On Monday evening, breaking only for the Olympic figure skating in Sochi, I plowed through the 139 pages of the I-195 Redevelopment District Commission’s new “Developer’s Toolkit.” LINK_Toolkit(1)
My object was to find out what sort of vision the commissioners had for the new district on 40 vacant acres of land freed by the recent relocation of Route 195. Half of the land is devoted to parks and half is divided into 16 developable plots, as listed in the document’s index of parcels, or 19 if you count the parcels in the above map. The parcels are assigned numbers scattered at random between 2 and 42. No Parcel 1 exists, but there is a Parcel 1A. Parcels 2, 3, 5, 6, 8 and 9, but not 4, 7, 10 and so on. Three parks are labeled P2, P3 and P4. But no P1.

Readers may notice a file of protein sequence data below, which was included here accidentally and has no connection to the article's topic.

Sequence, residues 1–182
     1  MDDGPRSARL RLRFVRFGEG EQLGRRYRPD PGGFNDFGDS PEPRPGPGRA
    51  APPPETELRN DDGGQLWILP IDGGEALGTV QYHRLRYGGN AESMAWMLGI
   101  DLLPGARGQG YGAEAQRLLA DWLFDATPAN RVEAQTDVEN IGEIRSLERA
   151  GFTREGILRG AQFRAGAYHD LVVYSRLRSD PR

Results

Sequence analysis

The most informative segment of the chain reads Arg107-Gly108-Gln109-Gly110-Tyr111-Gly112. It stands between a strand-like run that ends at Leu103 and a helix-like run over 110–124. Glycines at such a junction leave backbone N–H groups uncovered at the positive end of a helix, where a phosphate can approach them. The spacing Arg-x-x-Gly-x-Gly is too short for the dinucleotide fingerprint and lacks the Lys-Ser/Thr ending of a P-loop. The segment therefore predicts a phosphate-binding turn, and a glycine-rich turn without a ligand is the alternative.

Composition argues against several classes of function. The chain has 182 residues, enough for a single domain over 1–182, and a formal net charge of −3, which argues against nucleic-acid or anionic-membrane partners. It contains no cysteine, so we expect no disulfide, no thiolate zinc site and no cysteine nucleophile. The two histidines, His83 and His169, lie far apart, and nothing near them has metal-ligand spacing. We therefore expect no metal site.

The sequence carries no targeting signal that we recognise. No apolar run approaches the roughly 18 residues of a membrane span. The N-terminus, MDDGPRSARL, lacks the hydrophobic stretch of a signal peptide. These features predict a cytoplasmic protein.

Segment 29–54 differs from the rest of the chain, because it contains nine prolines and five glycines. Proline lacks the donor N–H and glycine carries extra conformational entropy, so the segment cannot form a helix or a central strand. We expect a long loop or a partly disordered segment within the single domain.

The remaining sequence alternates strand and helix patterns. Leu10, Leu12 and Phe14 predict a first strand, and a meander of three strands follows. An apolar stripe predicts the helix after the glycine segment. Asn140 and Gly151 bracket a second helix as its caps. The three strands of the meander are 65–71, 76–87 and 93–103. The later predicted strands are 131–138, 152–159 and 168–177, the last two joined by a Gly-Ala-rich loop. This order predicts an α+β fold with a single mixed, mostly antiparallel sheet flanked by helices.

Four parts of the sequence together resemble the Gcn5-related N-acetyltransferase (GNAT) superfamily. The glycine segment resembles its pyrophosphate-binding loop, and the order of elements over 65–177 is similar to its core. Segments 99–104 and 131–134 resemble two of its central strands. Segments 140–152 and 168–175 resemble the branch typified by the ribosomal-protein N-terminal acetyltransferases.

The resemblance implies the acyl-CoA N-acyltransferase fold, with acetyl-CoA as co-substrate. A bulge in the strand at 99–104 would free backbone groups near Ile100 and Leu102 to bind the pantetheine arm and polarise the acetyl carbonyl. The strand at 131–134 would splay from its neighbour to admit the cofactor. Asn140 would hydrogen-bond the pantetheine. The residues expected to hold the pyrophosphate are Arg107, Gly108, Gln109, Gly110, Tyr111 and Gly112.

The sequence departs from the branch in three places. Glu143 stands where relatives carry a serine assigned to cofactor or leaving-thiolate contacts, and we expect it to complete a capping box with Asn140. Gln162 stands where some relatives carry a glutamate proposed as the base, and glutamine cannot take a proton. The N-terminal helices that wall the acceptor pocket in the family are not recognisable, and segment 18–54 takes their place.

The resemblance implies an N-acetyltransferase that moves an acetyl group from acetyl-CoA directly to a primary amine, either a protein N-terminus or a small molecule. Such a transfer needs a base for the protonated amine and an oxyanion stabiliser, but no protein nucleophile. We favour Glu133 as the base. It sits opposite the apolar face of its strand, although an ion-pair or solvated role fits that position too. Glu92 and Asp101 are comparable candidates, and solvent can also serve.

Anyway, the Toolkit is described as “Convenient, Predictable, Efficient: One Stop for Development Approval.” A “compliant project,” it says, can complete an approval process of two levels in six months, but a “Time to Approval” flow chart on page 33 suggests that 22 months may be more realistic, especially for projects that need variances or have compliance issues.
To read the rest, please visit The Providence Journal.